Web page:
Fall 2014

Phosphorus: From the Stars to Land & Sea

Christopher C. Cummins
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The chemistry of the element phosphorus offers a window into the diverse field of inorganic chemistry. Fundamental investigations into some simple molecules containing phosphorus reveal much about the ramifications of this element’s position in the periodic table and that of its neighbors. Additionally, there are many phosphorus compounds of commercial importance, and the industry surrounding this element resides at a crucial nexus of natural resource stewardship, technology, and modern agriculture. Questions about our sources of phosphorus and the applications for which we deploy it raise the provocative issue of the human role in the ongoing depletion of phosphorus deposits, as well as the transfer of phosphorus from the land into the seas.

CHRISTOPHER C. CUMMINS, a Fellow of the American Academy since 2008, is Professor of Chemistry at the Massachusetts Institute of Technology. His research focuses on innovating new methods of inorganic synthesis, as well as the synthesis of new simple substances. His work has recently appeared in Inorganic Chemistry, Science, Journal of the American Chemical Society, and Chemical Science, among other journals.

Inorganic chemistry can be defined as “the chemistry of all the elements of the periodic table,”1 but as such, the field is impossibly broad, encompassing everything from organic chemistry to materials science and enzymology. One way to gain insight into and appreciate the rapidly moving and diverse field of inorganic chemistry is to view the science from the perspective of the elements themselves, since they are the basic ingredients for assembling molecules or materials–and indeed, all matter, living or inanimate. Although phosphorus may be less celebrated than carbon or hydrogen, it joins those elements (along with nitrogen, oxygen, and sulfur) to constitute the six “biogenic elements” (those needed in large quantities to make living organisms; see Figure 1).2 Let us take a look at some of the issues that arise in inorganic chemistry from the perspective of phosphorus, illustrating in the process the notion that each element has its own story to tell.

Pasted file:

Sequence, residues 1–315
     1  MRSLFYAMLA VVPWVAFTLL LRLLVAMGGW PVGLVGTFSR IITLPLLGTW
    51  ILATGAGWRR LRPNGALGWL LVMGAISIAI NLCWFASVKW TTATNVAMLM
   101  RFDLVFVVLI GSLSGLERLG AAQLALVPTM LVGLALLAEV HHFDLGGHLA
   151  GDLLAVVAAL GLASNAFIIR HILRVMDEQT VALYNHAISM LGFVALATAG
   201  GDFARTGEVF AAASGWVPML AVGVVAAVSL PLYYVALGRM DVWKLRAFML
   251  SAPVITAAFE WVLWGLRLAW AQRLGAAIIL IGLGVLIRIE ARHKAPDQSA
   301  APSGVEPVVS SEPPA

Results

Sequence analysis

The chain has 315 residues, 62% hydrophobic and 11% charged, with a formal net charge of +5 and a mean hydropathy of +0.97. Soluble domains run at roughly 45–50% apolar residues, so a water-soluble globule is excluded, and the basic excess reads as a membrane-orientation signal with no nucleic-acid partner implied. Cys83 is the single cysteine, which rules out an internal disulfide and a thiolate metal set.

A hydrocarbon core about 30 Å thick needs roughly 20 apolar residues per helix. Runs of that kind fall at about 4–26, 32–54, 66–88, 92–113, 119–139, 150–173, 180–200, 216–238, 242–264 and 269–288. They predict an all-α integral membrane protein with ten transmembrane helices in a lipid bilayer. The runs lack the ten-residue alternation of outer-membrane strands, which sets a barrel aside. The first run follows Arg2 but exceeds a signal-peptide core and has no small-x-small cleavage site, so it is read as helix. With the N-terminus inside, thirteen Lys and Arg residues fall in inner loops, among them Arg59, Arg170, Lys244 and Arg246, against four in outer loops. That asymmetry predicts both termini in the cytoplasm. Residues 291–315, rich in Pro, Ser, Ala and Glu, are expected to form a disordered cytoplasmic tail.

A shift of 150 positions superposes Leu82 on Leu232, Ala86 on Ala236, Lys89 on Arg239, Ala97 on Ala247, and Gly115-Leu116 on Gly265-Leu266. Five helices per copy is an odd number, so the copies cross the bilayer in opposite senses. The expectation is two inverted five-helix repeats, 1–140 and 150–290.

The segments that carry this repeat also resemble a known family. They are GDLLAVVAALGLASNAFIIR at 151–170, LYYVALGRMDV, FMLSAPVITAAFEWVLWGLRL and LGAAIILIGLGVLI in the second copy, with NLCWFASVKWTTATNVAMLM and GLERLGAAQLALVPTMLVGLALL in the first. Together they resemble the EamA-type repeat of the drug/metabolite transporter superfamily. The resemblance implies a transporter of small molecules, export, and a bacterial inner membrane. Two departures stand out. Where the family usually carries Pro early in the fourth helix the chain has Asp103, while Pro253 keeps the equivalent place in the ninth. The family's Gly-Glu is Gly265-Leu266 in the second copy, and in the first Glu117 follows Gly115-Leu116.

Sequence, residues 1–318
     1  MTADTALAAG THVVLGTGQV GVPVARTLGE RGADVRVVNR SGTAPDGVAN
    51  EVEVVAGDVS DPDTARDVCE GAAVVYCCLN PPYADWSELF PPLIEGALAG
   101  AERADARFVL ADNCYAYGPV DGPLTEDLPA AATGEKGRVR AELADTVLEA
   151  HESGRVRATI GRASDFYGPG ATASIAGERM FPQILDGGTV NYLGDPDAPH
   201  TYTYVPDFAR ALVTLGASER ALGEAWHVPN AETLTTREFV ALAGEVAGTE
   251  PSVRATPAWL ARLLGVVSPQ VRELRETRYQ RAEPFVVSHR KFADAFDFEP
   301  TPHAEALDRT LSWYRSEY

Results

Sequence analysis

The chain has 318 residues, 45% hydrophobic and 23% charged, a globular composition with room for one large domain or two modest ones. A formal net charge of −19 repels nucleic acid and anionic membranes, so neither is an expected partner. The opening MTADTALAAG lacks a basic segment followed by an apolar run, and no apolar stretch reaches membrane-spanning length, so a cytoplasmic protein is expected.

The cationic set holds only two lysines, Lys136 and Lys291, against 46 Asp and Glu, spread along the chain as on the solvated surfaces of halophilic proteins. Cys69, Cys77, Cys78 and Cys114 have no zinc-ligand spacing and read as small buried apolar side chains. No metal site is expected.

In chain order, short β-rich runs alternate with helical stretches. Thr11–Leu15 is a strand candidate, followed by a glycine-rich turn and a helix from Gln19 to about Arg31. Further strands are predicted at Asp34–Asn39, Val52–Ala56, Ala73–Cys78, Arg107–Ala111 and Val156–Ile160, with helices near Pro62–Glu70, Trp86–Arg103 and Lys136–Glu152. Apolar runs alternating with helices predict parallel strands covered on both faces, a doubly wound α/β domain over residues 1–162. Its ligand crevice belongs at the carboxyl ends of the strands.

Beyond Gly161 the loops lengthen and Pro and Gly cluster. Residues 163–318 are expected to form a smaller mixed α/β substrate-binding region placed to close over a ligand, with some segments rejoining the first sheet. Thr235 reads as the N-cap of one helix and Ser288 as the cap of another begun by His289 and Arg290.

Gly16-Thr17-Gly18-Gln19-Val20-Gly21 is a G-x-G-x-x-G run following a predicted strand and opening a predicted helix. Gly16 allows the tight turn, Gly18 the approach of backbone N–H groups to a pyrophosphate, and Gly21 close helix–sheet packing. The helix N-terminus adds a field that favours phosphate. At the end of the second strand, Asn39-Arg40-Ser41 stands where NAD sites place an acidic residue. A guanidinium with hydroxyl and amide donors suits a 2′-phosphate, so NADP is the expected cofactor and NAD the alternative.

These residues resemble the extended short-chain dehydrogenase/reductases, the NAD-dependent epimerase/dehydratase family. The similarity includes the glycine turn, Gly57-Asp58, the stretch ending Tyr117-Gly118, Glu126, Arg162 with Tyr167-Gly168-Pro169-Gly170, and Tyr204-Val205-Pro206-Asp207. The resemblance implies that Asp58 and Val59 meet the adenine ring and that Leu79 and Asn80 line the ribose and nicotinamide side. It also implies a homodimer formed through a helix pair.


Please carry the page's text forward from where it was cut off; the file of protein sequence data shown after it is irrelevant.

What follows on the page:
Many phosphorus-containing chemical compounds are commercially valuable and have interesting or important applications.3 Lithium hexafluorophosphate, for example, is the electrolyte in common .  .  .


  • 1Norman Neill Greenwood and Alan Earnshaw, Chemistry of the Elements (Oxford: Butterworth-Heinemann, 1997).
  • 2D. C. B. Whittet and J. E. Chiar, “Cosmic Evolution of the Biogenic Elements and Compounds,” The Astronomy and Astrophysics Review 5 (1993), doi:10.1007/BF00872922.
  • 3B. Elvers and U. Fritz, Phosphorus Compounds, Inorganic to Plastics, Additives (Weinheim, Germany: Wiley-VCH, 2011).
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